“No, my friends. Don’t do this wicked thing.”
Lot brought the heavenly visitors into his house, offering them a place to wash and spend the night. But the neighborhood, old and young, wanted to satisfy their lusts with Lot’s visitors. When Lot objected, they threatened him as well.
Lot wasn’t a bad man, just foolish; he had chosen to raise his family in the culture of this sinful city. Though he was a shining example of hospitality, he was ready to sacrifice his daughters to the crowd to defend his guests. Thus the corruption and injustice of Sodom crouched at his door (see Genesis 4:7). And God determined to destroy it (Genesis 18:20-21).
Lot was wrong to think he could build a lasting, safe home among the wicked. He discovered too late that he could not withstand the perversion and abuse that lurked at his door. Heaven saved him from Sodom, but not from drunkenly submitting to grave sin with his Sodom-raised daughters later (Genesis 19:30-38).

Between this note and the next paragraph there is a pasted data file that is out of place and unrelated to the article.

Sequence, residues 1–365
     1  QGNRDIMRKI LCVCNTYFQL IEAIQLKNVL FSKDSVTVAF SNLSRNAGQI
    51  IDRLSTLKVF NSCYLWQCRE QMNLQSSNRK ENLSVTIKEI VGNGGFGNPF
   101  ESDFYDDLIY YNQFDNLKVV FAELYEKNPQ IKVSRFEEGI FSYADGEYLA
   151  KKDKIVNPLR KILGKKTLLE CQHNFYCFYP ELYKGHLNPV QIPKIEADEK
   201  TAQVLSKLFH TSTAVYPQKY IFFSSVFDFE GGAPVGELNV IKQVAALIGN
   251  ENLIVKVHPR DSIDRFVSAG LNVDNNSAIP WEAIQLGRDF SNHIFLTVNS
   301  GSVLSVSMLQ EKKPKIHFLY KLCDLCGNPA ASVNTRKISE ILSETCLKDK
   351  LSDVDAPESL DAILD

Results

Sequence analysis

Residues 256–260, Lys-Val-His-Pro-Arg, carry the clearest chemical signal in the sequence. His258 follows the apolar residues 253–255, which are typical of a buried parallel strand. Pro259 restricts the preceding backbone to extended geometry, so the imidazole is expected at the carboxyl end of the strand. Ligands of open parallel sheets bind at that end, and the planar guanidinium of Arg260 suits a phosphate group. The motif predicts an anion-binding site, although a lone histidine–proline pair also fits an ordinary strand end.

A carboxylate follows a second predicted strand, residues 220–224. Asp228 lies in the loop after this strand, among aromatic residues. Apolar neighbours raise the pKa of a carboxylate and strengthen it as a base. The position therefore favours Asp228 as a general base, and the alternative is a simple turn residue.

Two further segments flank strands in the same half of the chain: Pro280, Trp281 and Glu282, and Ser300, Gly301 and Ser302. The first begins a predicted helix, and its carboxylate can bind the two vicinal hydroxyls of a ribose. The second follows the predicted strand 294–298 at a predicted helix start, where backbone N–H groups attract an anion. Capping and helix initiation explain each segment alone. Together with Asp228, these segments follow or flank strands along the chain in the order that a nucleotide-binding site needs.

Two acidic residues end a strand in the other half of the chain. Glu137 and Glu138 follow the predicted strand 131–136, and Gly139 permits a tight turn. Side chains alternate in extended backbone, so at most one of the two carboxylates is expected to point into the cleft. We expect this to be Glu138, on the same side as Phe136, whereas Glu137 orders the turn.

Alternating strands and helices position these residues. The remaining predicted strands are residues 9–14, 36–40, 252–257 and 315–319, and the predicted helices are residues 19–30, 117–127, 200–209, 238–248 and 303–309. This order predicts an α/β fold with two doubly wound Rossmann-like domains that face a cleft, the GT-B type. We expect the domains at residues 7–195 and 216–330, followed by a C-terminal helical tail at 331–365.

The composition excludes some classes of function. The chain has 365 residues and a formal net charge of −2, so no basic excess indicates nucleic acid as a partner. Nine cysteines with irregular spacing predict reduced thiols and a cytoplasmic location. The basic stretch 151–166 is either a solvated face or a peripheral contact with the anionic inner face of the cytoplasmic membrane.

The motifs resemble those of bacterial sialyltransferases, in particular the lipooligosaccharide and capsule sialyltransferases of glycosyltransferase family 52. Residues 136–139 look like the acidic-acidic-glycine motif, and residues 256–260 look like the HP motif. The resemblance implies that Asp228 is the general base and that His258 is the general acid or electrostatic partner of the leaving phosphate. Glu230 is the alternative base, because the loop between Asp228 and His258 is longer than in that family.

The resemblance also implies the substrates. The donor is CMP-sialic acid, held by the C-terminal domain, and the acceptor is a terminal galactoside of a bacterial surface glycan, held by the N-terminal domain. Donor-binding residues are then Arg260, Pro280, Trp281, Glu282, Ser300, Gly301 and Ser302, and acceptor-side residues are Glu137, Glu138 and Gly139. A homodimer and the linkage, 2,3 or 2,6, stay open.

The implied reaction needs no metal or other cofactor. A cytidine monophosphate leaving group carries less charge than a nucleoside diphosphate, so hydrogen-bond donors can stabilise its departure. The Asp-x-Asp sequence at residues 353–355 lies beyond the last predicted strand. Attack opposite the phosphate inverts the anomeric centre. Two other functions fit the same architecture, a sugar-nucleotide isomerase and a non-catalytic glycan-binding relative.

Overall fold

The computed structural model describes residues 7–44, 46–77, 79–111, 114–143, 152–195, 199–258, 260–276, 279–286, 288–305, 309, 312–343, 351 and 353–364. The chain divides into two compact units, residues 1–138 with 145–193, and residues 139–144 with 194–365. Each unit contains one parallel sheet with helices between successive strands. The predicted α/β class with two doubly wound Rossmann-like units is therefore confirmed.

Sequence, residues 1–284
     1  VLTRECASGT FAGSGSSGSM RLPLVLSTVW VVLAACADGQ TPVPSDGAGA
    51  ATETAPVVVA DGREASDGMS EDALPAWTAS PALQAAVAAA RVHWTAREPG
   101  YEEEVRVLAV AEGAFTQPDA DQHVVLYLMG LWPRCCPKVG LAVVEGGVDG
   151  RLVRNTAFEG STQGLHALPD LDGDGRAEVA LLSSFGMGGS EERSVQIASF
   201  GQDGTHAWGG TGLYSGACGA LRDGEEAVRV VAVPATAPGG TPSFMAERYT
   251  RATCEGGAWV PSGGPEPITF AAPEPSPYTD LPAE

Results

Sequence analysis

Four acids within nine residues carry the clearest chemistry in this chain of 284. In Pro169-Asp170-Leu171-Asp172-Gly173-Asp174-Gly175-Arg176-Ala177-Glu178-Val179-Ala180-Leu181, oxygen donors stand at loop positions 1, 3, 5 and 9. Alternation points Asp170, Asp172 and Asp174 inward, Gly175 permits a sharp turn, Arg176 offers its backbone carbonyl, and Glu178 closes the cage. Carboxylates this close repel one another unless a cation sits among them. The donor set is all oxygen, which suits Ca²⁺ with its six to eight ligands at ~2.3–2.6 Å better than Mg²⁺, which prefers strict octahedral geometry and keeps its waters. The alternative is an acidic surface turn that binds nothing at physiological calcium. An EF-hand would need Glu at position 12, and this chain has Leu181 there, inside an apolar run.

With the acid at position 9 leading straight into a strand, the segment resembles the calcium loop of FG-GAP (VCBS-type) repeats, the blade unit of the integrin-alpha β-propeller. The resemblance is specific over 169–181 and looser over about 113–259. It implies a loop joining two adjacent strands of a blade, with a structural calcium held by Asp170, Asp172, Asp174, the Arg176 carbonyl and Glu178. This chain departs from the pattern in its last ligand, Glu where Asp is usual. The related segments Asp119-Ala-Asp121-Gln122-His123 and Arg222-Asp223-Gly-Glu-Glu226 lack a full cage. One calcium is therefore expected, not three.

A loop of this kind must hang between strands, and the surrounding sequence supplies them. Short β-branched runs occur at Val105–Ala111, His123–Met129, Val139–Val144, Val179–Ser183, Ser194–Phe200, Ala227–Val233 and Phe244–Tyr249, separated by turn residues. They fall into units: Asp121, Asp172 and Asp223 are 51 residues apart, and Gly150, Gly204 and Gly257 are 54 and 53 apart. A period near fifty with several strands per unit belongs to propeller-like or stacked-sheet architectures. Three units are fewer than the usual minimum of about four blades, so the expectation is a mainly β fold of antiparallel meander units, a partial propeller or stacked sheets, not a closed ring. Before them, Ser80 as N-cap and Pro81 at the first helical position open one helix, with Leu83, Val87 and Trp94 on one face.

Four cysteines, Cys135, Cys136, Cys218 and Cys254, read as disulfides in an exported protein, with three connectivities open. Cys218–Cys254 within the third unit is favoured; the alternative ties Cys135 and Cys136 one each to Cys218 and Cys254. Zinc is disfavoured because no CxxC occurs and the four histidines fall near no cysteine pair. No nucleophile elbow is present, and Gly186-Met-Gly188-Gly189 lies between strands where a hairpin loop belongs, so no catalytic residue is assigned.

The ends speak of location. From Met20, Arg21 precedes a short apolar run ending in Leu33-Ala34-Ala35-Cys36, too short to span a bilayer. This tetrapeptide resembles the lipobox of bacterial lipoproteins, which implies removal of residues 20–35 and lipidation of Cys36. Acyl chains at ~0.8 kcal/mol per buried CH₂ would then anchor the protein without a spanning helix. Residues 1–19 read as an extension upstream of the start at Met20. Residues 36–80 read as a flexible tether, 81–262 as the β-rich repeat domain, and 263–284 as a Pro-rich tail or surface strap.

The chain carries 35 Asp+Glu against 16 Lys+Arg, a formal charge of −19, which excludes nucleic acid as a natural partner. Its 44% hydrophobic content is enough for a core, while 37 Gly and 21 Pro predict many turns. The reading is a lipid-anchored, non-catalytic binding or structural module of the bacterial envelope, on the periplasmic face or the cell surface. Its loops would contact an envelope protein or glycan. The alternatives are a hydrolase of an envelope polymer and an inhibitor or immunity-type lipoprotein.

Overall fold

Lot lived in a city destined for destruction; Abraham waited for the city with foundations built by God (Hebrews 11:10). Like Abraham, we still await the coming of the heavenly city, the new Jerusalem. Let us wait wisely, because Satan moves about the earth knocking at the door of our hearts. He wants to enter and defile our souls. Watch and be alert.
O Lord in heaven, save us from the ancient defiler of our souls. Let us be hospitable to all the needy, but let us be strong to close the door to all that corrupts. Amen.
See God's love, power, presence, and purpose in your life every day!